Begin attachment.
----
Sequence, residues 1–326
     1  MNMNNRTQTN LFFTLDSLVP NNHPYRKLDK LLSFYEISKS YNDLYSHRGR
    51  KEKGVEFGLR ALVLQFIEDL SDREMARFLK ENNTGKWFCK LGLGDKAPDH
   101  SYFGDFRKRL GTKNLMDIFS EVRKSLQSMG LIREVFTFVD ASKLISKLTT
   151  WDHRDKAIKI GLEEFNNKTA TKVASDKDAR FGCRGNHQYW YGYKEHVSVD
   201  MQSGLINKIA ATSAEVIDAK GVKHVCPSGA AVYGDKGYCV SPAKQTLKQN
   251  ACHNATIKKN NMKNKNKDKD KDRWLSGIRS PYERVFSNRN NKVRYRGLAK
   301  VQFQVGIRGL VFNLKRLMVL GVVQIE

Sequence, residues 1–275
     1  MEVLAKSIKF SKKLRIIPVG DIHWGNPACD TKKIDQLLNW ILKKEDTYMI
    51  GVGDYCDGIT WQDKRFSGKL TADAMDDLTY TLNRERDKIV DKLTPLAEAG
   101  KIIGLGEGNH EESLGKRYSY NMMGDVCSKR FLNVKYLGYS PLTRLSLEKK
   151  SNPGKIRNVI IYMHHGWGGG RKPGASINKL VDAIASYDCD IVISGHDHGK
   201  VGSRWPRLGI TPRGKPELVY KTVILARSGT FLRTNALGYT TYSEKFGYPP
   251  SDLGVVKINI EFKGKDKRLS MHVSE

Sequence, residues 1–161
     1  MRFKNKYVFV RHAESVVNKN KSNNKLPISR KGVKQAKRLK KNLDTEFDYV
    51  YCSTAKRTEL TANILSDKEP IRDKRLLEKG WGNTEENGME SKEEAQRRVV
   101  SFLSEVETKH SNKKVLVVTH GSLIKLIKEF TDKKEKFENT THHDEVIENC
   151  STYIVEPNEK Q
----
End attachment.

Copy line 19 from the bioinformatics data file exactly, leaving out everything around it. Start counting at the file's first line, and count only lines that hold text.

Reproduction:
   101  SFLSEVETKH SNKKVLVVTH GSLIKLIKEF TDKKEKFENT THHDEVIENC